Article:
Duke Energy Corp (DUK) is an energy company, operating through its direct and indirect wholly owned subsidiaries. On August 7, 2013, the company reported second-quarter earnings of $0.87 per share, which missed the consensus of analysts' estimates by $0.07. There is nothing sexy about any utility company other than its high-dividend yield. The stock is down 3.75% since the last time I wrote about it and is losing to the S&P 500, which has gained 0.3% in the same timeframe, and with that in mind I'd like to take a moment to evaluate the stock on a fundamental, financial and technical basis to see if it's worth picking up some more of stock right now for the utility sector of my dividend portfolio.
The company currently trades at a trailing 12-month P/E ratio of 23.73, which is fairly priced, but I mainly like to purchase a stock based on where the company is going in the future as opposed to what it has done in the past. On that note, the 1-year forward-looking P/E ratio of 14.58 is currently inexpensively priced for the future in terms of the right here, right now. Next year's estimated earnings are $4.56 per share and I'd consider the stock inexpensive until about $68. The 1-year PEG ratio (4.21), which measures the ratio of the price you're currently paying for the trailing 12-month earnings on the stock while dividing it by the earnings growth of the company for a specified amount of time (I like looking at a 1-year horizon), tells me that the company is expensively priced based on a 1-year EPS growth rate of 5.63%. Below is a comparison table of the fundamentals metrics for the company from the last time I wrote the article to now.
EPS Next YR ($)
Target Price ($)
EPS next YR (%)
On a financial basis, the things I look for are the dividend payouts, return on assets, equity and investment. The company pays a dividend of 4.7% with a payout ratio of 111% of trailing 12-month earnings while sporting return on assets, equity and investment values of 1.8%, 4.9% and 3%, respectively, which are all respectable values, but nothing to go writing home about. Because I believe the market may get a bit choppy here and would like a safety play, I believe the 4.7% yield of this company is good enough for me to take shelter in for the time being. The company has been increasing its dividends for the past nine years with an annual dividend growth rate of 3.3%. The company recently raised its dividend by 1.96%. Below is a comparison table of the financials metrics for the company from the last time I wrote the article to now.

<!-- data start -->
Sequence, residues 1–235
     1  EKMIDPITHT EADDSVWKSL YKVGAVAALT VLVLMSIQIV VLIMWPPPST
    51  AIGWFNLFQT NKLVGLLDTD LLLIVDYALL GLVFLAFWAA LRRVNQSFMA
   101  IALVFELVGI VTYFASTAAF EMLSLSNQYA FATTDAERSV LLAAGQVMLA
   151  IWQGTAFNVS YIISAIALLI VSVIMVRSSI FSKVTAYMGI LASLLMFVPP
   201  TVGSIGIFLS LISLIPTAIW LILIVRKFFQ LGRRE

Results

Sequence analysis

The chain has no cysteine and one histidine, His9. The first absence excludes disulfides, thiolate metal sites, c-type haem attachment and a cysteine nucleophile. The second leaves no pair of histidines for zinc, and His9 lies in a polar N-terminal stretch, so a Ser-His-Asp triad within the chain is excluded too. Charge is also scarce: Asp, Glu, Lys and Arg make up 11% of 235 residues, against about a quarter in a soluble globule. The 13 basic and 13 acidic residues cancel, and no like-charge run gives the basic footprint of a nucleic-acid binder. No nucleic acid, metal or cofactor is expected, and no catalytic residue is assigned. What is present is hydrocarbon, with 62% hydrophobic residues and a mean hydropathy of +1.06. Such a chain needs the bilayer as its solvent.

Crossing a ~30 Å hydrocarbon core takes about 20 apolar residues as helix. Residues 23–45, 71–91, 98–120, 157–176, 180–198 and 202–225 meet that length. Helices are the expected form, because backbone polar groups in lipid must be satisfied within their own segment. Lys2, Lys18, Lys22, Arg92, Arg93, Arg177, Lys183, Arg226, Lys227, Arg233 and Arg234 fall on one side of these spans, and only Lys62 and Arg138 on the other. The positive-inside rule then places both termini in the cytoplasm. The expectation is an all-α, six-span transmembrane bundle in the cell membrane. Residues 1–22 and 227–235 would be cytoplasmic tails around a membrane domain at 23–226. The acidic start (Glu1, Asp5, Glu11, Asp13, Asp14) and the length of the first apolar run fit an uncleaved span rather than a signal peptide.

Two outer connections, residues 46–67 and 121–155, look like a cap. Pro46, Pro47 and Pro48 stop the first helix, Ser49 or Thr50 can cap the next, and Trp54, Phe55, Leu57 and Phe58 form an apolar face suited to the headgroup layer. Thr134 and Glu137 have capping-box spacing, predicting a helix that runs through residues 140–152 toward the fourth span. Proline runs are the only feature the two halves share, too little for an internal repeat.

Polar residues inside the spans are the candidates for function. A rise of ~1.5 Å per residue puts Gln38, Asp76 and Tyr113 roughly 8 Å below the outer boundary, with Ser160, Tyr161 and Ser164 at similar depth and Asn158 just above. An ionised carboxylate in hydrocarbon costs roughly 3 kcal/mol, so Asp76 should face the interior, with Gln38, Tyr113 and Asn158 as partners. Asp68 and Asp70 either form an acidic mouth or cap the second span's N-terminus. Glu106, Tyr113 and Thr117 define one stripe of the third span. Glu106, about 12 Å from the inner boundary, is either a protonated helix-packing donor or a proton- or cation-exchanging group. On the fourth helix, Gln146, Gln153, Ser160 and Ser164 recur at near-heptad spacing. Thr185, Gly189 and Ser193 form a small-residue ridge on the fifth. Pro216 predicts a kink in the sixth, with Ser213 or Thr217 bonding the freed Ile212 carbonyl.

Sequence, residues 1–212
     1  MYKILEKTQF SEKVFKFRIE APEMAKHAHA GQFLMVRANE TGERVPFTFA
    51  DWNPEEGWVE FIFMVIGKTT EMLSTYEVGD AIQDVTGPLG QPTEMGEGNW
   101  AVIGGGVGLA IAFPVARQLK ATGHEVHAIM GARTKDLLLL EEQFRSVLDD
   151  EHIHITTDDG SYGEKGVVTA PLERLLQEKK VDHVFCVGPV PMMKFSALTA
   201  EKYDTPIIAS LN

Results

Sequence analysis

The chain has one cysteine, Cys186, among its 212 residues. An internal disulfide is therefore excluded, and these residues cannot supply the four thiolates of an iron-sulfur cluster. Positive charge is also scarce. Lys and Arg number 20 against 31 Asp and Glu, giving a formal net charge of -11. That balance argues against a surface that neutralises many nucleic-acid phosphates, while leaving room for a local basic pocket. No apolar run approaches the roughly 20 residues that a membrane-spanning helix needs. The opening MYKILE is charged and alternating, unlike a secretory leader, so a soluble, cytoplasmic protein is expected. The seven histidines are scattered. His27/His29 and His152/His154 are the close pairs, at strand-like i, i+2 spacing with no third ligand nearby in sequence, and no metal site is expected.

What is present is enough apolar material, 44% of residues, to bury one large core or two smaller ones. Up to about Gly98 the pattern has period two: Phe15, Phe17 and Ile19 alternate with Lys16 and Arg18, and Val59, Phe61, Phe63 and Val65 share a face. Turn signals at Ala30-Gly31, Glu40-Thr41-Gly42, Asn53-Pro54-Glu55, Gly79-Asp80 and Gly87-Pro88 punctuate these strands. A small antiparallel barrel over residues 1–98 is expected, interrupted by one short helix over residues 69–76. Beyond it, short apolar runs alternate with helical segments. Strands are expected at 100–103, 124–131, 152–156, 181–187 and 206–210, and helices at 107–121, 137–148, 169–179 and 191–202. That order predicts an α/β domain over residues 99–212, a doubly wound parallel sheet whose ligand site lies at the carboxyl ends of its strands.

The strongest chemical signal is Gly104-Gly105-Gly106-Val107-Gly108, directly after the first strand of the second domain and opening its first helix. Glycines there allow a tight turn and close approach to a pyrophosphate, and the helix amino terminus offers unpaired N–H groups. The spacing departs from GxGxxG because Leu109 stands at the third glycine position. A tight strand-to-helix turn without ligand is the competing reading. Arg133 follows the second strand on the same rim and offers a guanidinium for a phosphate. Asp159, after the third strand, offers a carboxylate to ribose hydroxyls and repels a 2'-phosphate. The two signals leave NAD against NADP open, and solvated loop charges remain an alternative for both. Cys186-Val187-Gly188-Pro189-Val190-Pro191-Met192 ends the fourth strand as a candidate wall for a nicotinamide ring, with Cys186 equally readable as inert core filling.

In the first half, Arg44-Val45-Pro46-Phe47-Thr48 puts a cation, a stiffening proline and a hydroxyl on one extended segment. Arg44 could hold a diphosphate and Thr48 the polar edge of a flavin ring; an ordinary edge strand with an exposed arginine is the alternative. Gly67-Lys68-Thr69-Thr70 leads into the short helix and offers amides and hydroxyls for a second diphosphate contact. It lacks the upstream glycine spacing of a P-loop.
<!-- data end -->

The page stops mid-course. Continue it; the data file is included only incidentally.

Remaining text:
Payout TTM (%)
Looking first at the relative strength index chart [RSI] at the top, I see the stock muddling around in middle territory with a value of 46 but with downward trajectory, which is a bearish pattern. To confirm that, I will look at the moving average convergence-divergence [MACD] chart next and see that the black line is below the red line with the divergence bars decreasing in height, indicating the stock has downward momentum. As for the stock price itself ($66.43), I'm looking at the 20-day simple moving average (currently $66.71) to act as resistance and $64.41 to act as support for a risk/reward ratio, which plays out to be -3.04% to 0.42%.
- Deutsche Bank analyst Jonathan Arnold upgraded the company on Oct. 1, 2013, but did so cautiously. Mr. Arnold cited that if 10-yr yields took another stab at 3% it would be a risk to the utilities. He states the possibility of a utility returning 7-8% looks good in risk-adjusted terms when compared with an expected market return of about 10%.
- Duke made a splash in the alternative energy segment on Sept. 26, 2013 by inking a deal with Danish wind turbine maker Vestas Wind Systems (VWDRY.PK) where Vestas will supply 400 MW of power generating turbines for two wind farms Duke plans on building in Texas.
- The company is slated to report earnings the morning of Nov. 6, 2013.
Whenever there is talk of interest rates rising there is bound to be a hurtin' put on the utilities. If interest rates do rise I would not doubt that the analysts will begin to downgrade the utility stocks. The company is inexpensively valued based on future earnings but extremely expensive on future growth. Financially, the dividend payout ratio is very high based on trailing 12-month earnings. The technical situation of how the stock is currently trading is telling me we might be seeing some downward pressure in the immediate future. The stock has bearish technical signals written all over it, deteriorating financial metrics (ROA and ROE) and is extremely expensive on growth prospects, and for these reasons I will stay away from the stock for now until I see it come down to the $64 level. I will analyze the stock again if it gets to that $64 level.
Disclaimer: These are only my personal opinions and you should do your own homework. Only you are responsible for what you trade and happy investing.